Most answers are strictly my opinions and beliefs based on raising my own Danes. I try to provide helpful information whenever possible. Always ask your Vet for a 2nd opinion. (One who has experience with Danes or Large Breeds) because a Great Dane is not your "average" dog.

I wanted to let you in on a new product I have been using for Fleas, worms & heartworm prevention. It is called TRIFEXIS, and I love it! It is very affordable compared to a flea prevention and a separate  heartworm prevention and it is a great tasting beef flavored biscuit so it doesn't leave a oily residue that has to dry. Mine always rubbed it all over the furniture or floor or if done outside rolled in the grass. And it has worked wonders on the fleas.

General Information About the Great Dane

Great Danes are a giant breed and, therefore, have potential for health problems not normally encountered in an average dog. Their average life span is supposed to be eleven to thirteen years, but has declined to an average of about seven years. The short life span is partially due to their extreme size and partially due to the fact that many owners are unaware of simple steps that can be taken to reduce the risk of life-threatening health problems.

Probably the number one PREMATURE KILLER of Danes is torsion. Bloat is a gas build up in the stomach. If not relieved immediately, bloat can progress and torsion can result. Torsion occurs when the stomach and/or spleen flips, and, without immediate surgery by a surgeon experienced in torsion surgery, it is usually fatal. Even with surgery, the mortality rate is extremely high. Improper feeding, improper timing of exercise, a sudden change in the diet, and stress are just some of the factors that can contribute to the development of bloat and/or torsion. THIS CAN HAPPEN TO ANYONE! We lost our Chronic to this. I highly recommend stomach tacking as a precaution. This may never happen to you, but it is definitely better to be safe than have to grieve over a much loved fur kid.



Always call your vet before you go in for any routine or non-emergency visit. Ask the receptionist if any parvo or corona dogs have come in that day or are in the clinic receiving treatment. If the answer is yes, change your appointment to another day or utilize another vet.

Carry your puppy into the office and keep him on your lap. Do not let him down on the floor or on the vets furniture. When he is old enough to walk on a leash, always keep him on the sidewalk and do not let him stray to the grass as sick animals eliminate on it and grass cannot be cleaned like sidewalks.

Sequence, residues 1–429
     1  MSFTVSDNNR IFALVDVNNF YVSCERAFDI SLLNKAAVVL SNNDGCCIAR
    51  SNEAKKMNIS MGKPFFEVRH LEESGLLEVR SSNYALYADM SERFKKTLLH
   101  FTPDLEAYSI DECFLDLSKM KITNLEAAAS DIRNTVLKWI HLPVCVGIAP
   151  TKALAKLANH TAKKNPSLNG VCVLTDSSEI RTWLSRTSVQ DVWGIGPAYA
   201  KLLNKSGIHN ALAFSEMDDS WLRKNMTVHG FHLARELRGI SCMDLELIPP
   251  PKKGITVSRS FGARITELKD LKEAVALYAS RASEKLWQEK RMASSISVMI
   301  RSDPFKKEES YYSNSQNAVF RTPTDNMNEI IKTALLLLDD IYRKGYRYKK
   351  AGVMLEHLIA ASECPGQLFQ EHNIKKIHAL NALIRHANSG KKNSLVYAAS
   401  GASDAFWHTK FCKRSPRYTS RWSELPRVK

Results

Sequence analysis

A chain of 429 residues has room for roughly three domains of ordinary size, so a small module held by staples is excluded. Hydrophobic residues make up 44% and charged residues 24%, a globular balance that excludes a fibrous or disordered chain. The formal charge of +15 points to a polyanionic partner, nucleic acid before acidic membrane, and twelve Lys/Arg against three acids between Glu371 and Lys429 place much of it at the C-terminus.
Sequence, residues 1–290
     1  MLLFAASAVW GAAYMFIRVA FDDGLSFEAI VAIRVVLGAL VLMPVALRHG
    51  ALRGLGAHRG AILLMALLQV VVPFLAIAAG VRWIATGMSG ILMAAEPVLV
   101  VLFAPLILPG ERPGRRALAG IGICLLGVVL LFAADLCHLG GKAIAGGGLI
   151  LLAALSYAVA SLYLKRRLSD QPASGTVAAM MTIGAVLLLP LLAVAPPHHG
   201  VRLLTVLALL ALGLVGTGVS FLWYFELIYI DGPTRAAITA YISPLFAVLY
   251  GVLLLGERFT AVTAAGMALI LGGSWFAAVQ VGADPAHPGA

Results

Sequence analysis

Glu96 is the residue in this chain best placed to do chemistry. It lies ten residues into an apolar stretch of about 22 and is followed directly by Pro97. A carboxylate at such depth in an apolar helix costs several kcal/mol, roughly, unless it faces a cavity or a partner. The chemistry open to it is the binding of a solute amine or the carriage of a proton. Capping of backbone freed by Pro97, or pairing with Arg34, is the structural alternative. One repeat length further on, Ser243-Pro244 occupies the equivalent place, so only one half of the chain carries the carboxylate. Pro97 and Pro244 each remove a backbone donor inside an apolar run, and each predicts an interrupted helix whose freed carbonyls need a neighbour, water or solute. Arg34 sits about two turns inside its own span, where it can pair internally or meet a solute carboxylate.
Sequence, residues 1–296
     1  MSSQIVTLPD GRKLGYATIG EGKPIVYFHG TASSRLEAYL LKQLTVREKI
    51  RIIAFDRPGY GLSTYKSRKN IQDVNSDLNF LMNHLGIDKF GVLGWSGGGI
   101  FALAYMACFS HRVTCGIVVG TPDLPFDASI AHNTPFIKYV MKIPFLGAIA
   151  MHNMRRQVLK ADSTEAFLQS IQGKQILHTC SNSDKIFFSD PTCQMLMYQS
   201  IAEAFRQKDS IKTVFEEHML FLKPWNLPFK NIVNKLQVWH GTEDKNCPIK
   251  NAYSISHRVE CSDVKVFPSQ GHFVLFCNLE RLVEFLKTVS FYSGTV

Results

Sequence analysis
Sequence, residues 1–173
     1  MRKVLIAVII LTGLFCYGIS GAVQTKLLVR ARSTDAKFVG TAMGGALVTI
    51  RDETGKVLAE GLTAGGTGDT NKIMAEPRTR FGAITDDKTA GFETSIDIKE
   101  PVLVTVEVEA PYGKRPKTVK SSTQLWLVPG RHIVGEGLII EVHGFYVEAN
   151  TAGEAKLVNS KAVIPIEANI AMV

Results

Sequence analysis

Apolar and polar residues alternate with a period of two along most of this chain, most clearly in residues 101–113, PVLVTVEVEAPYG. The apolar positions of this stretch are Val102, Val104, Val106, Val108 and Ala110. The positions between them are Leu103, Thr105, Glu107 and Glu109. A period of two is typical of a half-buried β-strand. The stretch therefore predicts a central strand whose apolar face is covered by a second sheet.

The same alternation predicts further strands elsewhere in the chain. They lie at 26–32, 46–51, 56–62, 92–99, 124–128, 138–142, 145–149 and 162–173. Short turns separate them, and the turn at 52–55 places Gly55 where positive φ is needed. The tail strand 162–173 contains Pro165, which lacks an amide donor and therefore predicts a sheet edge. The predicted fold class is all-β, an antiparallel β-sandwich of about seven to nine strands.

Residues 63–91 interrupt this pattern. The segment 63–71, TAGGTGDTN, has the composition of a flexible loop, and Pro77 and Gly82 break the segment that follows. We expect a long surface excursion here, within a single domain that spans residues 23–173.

Do not allow your veterinarian to administer a vaccine beyond what is necessary. Your puppy will go home with his/ her first vaccination. Rabies should be given over 9 months of age.


If your Dane ever has to be anesthetized or tranquilized for any reason, including an ear crop, neutering, etc., please inform your vet each and every time that Great Danes are extremely sensitive to both and that one fourth to one third of the recommended dose for the Danes weight is generally enough. If they start with one half or more of the recommended dose for the Danes weight, your Danes life may be at risk!

SPAYING & NEUTERING  * I have been asked this often and wanted to add it for you *

When to spay/neuter: Generally this should be done when your Dane puppy is 12 months. The older the dog, the more able it will be to withstand the anesthesia.

You will hear many ideas about spaying neutering. All I can do is tell you my experience with this and what I tell my puppy buyers. When males are neutered too young, before their hormones are full tilt, they do not gain the muscle that an adult male should have and look like a gangly puppy their whole life. I do not recommend neutering a male until at least 12 months of age.

As for females and spaying, there are two thoughts on this....one says to spay early so they do not develop breast cancer. In working with breeders, this is a rarity. But what is common, very common when you spay a bitch before she comes into season the first time, they almost always have are problems with incontinence and this is very hard to deal with.

This is also regulated by hormones and if they do not have the appropriate hormones present, they will dribble or wet the bed a night, even as a young female. SO......I tell my puppy buyers to let them be at least 12 months of age before they spay, again so their hormones are in gear. If they have a season before this, then you simply have to make arrangements for boarding them so they don't get breed.

When the girls come in season, give them Chlorophyll tablets daily, give a human dose but double dose it daily during the time they are in season (all 21 days). This will cut down on the odor, but NEVER leave them unattended at any time for the 3 weeks they are in season. NEVER!!